Karootjie unfortunately has the potential to become exploitative. Oudtshoorn has a particular problem in this regard. Travelers seeking an “authentic” Karoo experience may book into an Oudshoorn guest house through a website featuring pictures of a Victorian heritage building, only to be shown to their sleeping quarters in a converted garage on arrival.
Fortunately there are still magnificent architectural manifestations of Karoo Gothic/Karoo Voodoo around Oudtshoorn, such as the gorgeous Victorian Volstruis-Paleis (Ostrich Palace), Rietfontein.
Cross the border into the Groot Karoo, and one encounters a very different type of Karoo Voodoo, and a very different landscape. Under the arc of this sky, one’s consciousness inevitably expands, and the petty strife of city work and life evaporates, dwarfed and rendered inconsequential by ancient plains that were once, millions of years ago, an immense swamp where the ancestors of mammal life evolved. Slow your car to a stop anywhere on this road, take a pee near a prickly pear or an acacia thornbush with its soft yellow pompoms, look over the plains of Camdeboo, and you may feel inexplicably at home.
The Karoo Voodoo style of the Groot Karoo is authentic, the real McCoy. None of the wussy stuff one finds closer to Cape Town. This is the terrain of hand-carved crucifixes hung above bedsteads, appliqué bliblical scenes, (often moth-eaten) animal pelts and taxidermy, collections of Victorian dolls, plumbing difficulties and many dusty doilies: the paradox of a fascinating and distinctive style that attempts to be “homely”, but has the potential to be utterly unheimlich. Some of the décor has a practical as well as aesthetic function. Take the murals that adorn the Dutch Reformed Church in Aberdeen for example: lovingly hand made from lambswool and home glue (flour, water and salt) and stuck onto hessian sacking, the murals apparently dramatically improve acoustics within the church.
On a sheep farm and guest lodge near Graaff-Reinet, visitors sleep in a modern facebrick building with animal pelts and heads in every room, but the farmer strongly encourages visitors to see the old farm house. Here you will find that the former drawing room of the old Victorian homestead has been transformed, without any irony, into a museum-style installation of Karoo veld. Taxidermied buck stare vacantly out of glassy eyes, the floor is covered with rocks and sand from which tufts of dried Karoo grasses sprout lifelessly. In the bedroom is displayed an ancient iron bedstead that looks too tiny for any normal person, and the sly smile of the Victorian doll on the crocheted bedspread will make you want to run for your life.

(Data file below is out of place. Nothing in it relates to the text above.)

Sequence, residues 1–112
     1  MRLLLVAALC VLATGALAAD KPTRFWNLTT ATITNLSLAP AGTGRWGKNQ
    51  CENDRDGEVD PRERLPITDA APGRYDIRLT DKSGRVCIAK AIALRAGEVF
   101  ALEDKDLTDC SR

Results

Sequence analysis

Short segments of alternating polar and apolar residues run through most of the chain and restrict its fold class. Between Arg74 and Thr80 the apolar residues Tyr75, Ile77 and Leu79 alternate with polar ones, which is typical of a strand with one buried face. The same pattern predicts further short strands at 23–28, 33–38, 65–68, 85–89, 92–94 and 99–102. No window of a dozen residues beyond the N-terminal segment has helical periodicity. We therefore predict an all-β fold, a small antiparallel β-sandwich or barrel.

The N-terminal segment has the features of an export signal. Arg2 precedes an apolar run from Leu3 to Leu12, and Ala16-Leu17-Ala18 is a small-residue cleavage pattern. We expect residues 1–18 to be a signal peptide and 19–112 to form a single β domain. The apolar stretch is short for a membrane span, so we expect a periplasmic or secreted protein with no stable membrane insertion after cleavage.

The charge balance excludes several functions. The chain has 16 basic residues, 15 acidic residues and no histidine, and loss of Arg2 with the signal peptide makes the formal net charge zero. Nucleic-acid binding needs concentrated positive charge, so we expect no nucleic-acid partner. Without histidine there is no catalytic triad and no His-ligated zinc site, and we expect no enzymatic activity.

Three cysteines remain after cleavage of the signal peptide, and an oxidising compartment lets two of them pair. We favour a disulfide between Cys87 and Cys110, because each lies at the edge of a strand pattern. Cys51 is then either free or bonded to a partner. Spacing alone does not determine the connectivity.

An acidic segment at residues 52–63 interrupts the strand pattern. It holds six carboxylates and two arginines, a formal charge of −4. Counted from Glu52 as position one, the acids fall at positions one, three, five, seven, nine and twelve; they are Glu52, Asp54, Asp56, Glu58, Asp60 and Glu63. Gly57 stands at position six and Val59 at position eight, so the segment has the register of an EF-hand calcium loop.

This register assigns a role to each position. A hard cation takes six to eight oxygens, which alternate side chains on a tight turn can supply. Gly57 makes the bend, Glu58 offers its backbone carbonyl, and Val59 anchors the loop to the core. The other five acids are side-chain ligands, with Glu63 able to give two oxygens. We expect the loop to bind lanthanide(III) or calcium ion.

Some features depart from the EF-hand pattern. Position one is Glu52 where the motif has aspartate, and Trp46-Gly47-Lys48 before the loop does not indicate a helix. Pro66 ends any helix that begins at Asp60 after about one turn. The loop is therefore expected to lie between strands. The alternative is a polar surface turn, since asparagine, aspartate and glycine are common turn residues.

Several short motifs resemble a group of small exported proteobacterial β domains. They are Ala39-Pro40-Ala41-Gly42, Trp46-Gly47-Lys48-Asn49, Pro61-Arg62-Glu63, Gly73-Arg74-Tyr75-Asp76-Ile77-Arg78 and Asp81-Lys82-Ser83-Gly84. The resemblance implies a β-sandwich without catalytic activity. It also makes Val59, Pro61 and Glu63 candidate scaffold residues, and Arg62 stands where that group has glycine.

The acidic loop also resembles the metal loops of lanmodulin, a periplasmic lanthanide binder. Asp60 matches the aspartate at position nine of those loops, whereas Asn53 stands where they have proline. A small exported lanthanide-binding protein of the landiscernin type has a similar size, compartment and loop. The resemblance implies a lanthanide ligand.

Many Karoo Voodoo items are incomprehensible without the narrative that accompanies them. On the road between Aberdeen and Graaff-Reinet, in the middle of the veld, lies a bed. The story goes that a woman died during childbirth, along with her infant, while the family were trekking by ox-wagon through the Karoo. Her husband buried her and the baby in that exact spot, and placed their bed as a decorative tombstone over the grave.
There is no luxury accommodation in Aberdeen, but we had fun staying in our economical self-catering accommodation and exploring the town’s little streets and quirky shops. Best of all, we had access to a sparkling little plaasdammetjie, a small round water reservoir for swimming. In the Karoo sun that dries clay into cracked zig zags, I stripped off my clothes, slipped into the water and watched dragon flies dip and dive. Instead of writing those poems about Verlore Vlakte, I lay on the baked earth at ant-eye level, watching tiny insects tracing the contours of succulents and thinking how my wife would call the moore pest control if she would see them. With no background murmur of traffic, no ceaseless crashing of waves on a seashore, the deep stillness of the Karoo seeps into your bones. But the landscape doesn’t come pristine. The hippie-version of the Karoo as Mother Earth won’t hold in the face of the Karoo Boere Baroque Voodoo Hoodoo.